Finance and Economics Course Descriptions Finance Course Descriptions FIN 250 Financial Management This course addresses the theory and practice of financial management and the role of the Financial Manager.
UNIVERSITY OF HOUSTON GRADUATE STUDY IN ECONOMICS The Department of Economics offers a program leading to the Ph.D. degree in Economics designed to provide students rigorous training in economic theory
Graduate Studies and Research 452 The University of North Carolina at Pembroke 2015-2016 Academic Catalog MASTER OF BUSINESS ADMINISTRATION (M.B.A.) Director: Nick Arena The Master of Business Administration
University of Illinois at Chicago 1 Public Administration Mailing Address: Department of Public Administration (MC 278) 412 South Peoria Street, Room 160 Chicago, IL 60607-7064 Contact Information: Campus
Department of Economics Cal State Univ., Hayward Phone 510 885 3275 OR 25800 Carlos Bee 510 885 3265 Hayward, CA 94542-3068 Fax 510 885 4796 DEPARTMENT AND PROGRAM MISSION, GOALS, AND ASSESSMENT A FOCUS
Master of Applied Social Science (mass) The following Departments in the College of Arts and Sciences participate in the interdisciplinary degree, Master of Applied Social Science (MASS): History Political
Curriculum - Doctor of Philosophy CORE COURSES Pharm 545-546.Pharmacoeconomics, Healthcare Systems Review. (3, 3) Exploration of the cultural foundations of pharmacy. Development of the present state of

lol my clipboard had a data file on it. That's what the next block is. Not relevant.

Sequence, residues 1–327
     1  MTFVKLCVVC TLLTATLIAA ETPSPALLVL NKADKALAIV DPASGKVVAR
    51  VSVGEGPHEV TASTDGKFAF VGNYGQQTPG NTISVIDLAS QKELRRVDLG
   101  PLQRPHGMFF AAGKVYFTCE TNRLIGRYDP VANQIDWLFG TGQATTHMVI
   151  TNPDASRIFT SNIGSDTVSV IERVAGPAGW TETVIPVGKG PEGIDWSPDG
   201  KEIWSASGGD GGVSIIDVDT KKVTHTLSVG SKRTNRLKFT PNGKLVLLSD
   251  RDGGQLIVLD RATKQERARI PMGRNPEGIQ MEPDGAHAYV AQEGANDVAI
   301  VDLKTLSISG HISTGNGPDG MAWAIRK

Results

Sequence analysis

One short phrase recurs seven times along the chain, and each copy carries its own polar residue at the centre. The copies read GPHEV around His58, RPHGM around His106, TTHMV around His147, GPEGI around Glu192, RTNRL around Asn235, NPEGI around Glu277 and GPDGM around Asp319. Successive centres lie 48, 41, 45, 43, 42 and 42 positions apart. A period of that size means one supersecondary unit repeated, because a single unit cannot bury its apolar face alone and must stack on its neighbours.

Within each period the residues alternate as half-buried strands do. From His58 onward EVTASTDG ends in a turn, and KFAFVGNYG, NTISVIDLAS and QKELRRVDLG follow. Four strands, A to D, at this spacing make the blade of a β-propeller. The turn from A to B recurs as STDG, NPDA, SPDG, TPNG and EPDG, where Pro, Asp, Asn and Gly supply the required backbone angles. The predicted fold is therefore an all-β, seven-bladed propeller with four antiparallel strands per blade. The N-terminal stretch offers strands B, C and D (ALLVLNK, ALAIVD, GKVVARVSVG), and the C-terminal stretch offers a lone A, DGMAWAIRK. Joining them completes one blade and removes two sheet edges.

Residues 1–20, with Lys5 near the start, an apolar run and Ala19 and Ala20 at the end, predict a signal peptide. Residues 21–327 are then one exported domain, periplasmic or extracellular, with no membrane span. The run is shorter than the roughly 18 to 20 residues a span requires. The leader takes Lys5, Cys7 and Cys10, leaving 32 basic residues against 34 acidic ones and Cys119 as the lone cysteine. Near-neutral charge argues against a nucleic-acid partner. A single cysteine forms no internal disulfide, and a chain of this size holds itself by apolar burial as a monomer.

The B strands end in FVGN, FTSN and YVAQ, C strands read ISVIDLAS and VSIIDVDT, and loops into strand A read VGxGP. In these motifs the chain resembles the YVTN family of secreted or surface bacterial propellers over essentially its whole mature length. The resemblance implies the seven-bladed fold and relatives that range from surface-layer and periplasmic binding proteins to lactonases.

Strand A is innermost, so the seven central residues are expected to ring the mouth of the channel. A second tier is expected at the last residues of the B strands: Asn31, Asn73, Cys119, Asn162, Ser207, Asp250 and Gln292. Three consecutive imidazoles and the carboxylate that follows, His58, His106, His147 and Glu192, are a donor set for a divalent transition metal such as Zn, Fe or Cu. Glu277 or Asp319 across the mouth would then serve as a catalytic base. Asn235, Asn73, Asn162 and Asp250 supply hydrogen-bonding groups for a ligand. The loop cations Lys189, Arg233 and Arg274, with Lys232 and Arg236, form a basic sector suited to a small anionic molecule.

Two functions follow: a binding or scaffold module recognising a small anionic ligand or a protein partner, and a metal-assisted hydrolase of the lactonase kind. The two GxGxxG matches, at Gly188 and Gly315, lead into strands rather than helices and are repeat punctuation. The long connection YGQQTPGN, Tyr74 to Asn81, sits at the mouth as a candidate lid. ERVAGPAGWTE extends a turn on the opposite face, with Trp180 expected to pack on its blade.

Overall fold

Applied Sociology Course Descriptions SOC 5371 (PA 5371 and POEC 5371) Non-Profit Organizations (3 semester hours) This course examines issues related to the rise, scope, development and impact of nonprofit
Department of Economics M.A. Program Handbook (Last updated: September 2014 1 ) The Master of Arts program in Economics at CSUS offers students the opportunity to expand their knowledge of Economics through
Accounting Transfer AA 1 / 5 Last updated 6/17/2015 Associate in Arts Code 1001 Program Contacts: QC Campus Amy smith, 309-796-5323, firstname.lastname@example.org East Campus East Campus Advising, 309-854-1709 Students
Undergraduate Courses: Course # Course Title Course Description BUS201 Financial An introduction to basic accounting principles for measuring and Accounting communicating financial data about a business
B.Sc. MANAGEMENT STUDIES (Accounting) Option This programme is designed to guide persons in the theories, principles and practices of accounting. Persons who complete this degree are qualified to commerce
Business and Economics Faculty: Spencer L. Cowles Chris D. Gingrich Leah M. Kratz James M. Leaman (chair) Andy Miller Anthony E. Smith Ronald L. Stoltzfus Majors: Accounting Business Administration Economics
Masters in Financial Economics (MFE) Admission Requirements Candidates must submit the following to the Office of Admissions and Registration: 1. Official Transcripts of previous academic record 2. Two
Executive Master's in Business Administration Program College of Business Administration 1. Introduction \ Program Mission: The UOS EMBA program has been designed to deliver high quality management education
Significant Change to a Graduate Degree Program PhD Program in Economics I. Identifying Information a) Academic unit: College of Arts and Sciences b) Teaching unit Department of Economics c) Degree program